UMass Amherst Logo ‘A good laugh and a long sleep are the best cures in the doctor’s book.’ This thoughtful Irish proverb seems to be particularly relevant for the following discovery. According to this study by the University of Massachusetts Amherst, sleep not only sharpens memory, but also facilitates and enhances complex cognitive skills.

In this investigation, a total of two studies were conducted for highlighting the possible benefits of sleep. During the first study, the effects of sleep were examined on affect-guided decision-making that is decisions on meaningful topics. It included a group of 54 young adults who were taught to play a card game. Here subjects had to play the game and win or lose the play money. Those with a normal night’s sleep as part of the study apparently drew from decks that gave them the greatest winnings four times more often than those who spent the 12-hour break awake. Also they may have understood the underlying rules of the game in a much better way than their peers.

“This provides support for what Mom and Dad have always advised. There is something to be gained from taking a night to sleep on it when you’re facing an important decision. We found that the fact that you slept makes your decisions better,” added Rebecca Spencer.

The next study encompassed two groups of 18- to 23-year-old college undergraduates. The participants received a brief morning or afternoon preview of the Iowa Gambling Task. This is a gambling card game that supposedly tracks frontal lobe function, where more emotional decisions originate. After explaining the task, subjects had to come back within 12 hours. While 28 subjects who got the preview in the afternoon went home to a normal evening and their usual night of sleep, the other 26 who received the game preview in the morning, came back after a day of normal activities with no naps.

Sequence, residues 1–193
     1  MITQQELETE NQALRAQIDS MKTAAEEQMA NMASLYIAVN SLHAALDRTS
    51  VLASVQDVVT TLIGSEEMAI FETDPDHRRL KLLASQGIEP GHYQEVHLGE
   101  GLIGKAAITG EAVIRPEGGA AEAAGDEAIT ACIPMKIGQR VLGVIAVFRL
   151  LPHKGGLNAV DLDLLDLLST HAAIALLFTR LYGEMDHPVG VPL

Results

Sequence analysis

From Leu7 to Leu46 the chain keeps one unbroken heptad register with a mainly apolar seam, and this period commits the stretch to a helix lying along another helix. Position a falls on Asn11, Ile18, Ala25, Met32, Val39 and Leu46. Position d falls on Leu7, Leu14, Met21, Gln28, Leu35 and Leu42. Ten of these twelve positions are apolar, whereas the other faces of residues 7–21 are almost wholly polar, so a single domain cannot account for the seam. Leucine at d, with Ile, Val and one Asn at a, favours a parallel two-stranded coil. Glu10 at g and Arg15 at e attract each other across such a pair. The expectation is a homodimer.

In the second visit, scientists played the full gambling task for long enough to learn that drawing cards from four decks of cards yielded different rewards of play money. The ultimate goal was to avoid losing and collect as much play money as possible. Subjects were allowed to sleep between the game’s brief introduction and the longer play session showed both superior behavioral outcomes. For assuring that time of day didn’t explain the different performance between sleep and wake groups, experts added two smaller groups of 17 and 21 subjects to perform both the preview and the full task either in the morning or the evening.

All subjects said they had normal sleep patterns and the groups didn’t differ on overall game skills at the start. Equal number of males and females were included in each group. On completion of both the studies, it was suggested that sleep boosts several cognitive skills and memory.

The study is published in the online issue of the Journal of Sleep Research.